Monographs: Design Implications of “The Internet Of Everything”

Monographs: Design Implications of “The Internet Of Everything”

Monographs: Design implications of “the internet of everything”

By: Scott Rixon

As part of our regular blog calendar our Monographs postings take an inquisitive approach, offering more questions than they answer in the hope that these questions can catalyze useful thoughts amongst our team and our industry. In this post we are exploring questions about the Internet of Things and asking, how will big data and environments in which everything is identified, catalogued, monitored, and controlled by computers impact the design of those environments?

There is much talk today of the future of work in the world, many economists and futurists predict the holistic integration of robots into the workforce, robots who cull data from everything in their environment as they make decisions and go about completing tasks. In order for that data from the physical environment to be available, there must first exist an Internet of Things, a network (or internet) in whose open forum even our toasters have a voice.

Will this result in the automation of some elements of design? As these sensors and networks permeate the walls, floors, and materials of the built environment, how will Construction Administration work be affected? Will this lead to the end of site visits? Will the outcome for architects be the allowance of more time for pure design while computer algorithms worry about technical elements? What will security for our data-filled (and perhaps controlled) environment entail?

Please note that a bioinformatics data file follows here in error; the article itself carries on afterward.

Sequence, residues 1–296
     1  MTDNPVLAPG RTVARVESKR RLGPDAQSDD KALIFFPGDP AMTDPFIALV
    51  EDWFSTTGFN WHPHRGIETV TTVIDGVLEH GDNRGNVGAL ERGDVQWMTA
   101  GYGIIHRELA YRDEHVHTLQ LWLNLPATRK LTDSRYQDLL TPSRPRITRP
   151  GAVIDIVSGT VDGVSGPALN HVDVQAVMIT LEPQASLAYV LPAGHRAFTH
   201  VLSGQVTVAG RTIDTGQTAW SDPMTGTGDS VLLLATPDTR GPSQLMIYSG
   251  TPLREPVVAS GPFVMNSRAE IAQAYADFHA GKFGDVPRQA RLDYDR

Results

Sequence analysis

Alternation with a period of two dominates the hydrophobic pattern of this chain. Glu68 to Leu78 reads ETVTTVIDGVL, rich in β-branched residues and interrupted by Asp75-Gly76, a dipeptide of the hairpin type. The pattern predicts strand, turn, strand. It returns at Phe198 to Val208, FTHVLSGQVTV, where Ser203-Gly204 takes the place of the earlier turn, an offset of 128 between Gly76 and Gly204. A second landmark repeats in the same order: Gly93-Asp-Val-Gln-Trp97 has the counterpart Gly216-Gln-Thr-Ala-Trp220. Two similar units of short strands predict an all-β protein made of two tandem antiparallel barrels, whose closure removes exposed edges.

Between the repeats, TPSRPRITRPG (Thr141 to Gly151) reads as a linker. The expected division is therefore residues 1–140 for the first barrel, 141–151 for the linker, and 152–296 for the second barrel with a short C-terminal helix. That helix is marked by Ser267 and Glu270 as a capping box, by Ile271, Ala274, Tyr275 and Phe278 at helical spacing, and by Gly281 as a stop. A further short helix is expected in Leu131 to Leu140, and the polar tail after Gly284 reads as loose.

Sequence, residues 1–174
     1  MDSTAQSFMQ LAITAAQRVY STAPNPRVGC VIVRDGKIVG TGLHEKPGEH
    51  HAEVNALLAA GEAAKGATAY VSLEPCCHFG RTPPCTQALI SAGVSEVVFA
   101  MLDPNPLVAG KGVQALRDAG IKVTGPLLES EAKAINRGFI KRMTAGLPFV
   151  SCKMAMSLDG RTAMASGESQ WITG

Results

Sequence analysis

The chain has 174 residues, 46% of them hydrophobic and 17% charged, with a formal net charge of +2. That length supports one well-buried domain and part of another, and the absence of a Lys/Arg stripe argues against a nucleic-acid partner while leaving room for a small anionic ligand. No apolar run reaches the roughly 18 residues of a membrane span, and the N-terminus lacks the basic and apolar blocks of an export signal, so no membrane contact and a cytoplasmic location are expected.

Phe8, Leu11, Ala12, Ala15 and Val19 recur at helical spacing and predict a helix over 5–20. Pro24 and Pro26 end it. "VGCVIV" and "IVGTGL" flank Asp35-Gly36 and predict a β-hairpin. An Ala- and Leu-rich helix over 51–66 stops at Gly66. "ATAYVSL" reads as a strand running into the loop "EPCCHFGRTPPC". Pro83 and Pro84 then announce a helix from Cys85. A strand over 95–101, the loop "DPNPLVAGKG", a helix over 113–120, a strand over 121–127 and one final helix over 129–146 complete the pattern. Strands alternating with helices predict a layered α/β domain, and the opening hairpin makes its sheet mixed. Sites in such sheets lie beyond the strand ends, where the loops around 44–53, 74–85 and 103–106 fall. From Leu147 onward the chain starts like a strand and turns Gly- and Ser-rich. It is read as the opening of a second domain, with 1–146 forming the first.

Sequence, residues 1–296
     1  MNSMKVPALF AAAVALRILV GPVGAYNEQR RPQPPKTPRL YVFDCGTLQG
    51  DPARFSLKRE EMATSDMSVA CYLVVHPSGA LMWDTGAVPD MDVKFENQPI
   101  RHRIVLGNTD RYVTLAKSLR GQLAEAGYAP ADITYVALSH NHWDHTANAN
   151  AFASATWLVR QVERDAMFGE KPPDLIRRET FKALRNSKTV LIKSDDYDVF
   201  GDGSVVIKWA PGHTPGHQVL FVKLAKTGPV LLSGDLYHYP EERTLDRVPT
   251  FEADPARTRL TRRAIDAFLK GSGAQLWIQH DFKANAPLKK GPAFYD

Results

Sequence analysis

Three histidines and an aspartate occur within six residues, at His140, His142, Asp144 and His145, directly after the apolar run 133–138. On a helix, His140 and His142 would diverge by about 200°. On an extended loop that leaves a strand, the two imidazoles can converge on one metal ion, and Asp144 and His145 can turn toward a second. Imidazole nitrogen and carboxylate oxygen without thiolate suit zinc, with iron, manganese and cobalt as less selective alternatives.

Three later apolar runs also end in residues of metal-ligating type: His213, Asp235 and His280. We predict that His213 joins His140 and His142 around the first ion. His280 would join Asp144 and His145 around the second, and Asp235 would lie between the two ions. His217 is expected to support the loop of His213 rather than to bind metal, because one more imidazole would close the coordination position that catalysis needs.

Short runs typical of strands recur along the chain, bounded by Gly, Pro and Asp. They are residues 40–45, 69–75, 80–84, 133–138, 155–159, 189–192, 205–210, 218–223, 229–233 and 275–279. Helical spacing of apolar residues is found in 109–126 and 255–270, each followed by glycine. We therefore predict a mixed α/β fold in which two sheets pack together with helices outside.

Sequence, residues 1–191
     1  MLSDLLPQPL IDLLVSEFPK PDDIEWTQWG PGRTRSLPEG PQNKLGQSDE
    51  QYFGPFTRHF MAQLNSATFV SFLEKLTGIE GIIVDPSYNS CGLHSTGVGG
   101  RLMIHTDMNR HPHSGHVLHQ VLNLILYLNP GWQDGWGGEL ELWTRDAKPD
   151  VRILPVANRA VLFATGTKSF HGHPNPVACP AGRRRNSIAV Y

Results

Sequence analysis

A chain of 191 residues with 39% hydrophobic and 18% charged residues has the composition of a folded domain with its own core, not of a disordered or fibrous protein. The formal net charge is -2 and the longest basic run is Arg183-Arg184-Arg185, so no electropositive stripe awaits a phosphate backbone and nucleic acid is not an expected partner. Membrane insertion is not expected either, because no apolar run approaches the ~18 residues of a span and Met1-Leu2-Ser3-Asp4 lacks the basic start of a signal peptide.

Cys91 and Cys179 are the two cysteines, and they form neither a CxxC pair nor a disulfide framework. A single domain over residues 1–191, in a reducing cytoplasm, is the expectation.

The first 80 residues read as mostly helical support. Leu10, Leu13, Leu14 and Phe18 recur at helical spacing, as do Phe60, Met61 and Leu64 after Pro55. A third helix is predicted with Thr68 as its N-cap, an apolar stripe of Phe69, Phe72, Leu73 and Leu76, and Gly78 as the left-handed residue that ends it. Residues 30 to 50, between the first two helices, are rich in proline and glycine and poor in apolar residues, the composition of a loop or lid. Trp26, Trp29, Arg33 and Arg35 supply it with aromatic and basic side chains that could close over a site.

In an article outlining the potential economic upside offered by the growth of the internet of things, Tim Fernholz mentions smart coffee pots and garbage cans helping humans do their jobs better, but what happens when (or if) machines are developed that are capable of design? Will these changes diminish the demand for human design, make it a luxury, or (optimistically) enable us all to design every element of our environments, right down to the architecture we inhabit? These are all questions that we ask in order to understand the skills and experiences required by our design-focused clients today as well as looking towards the future.

For more on the Internet of Things see the following links:
Insights & Publications: The Internet of Things (McKinsey)
The Internet of Things (IoT)
Forget Organizing The World’s Information, This Company Wants To Make Sense Of It (Quartz)

Scott Rixon is a Recruiting Consultant with DBI based in Seattle, WA. He blogs on the Architecture and Interior Design industries and recruiting best-practices for the DBI Blog. Connect with Scott on Twitter | LinkedIn.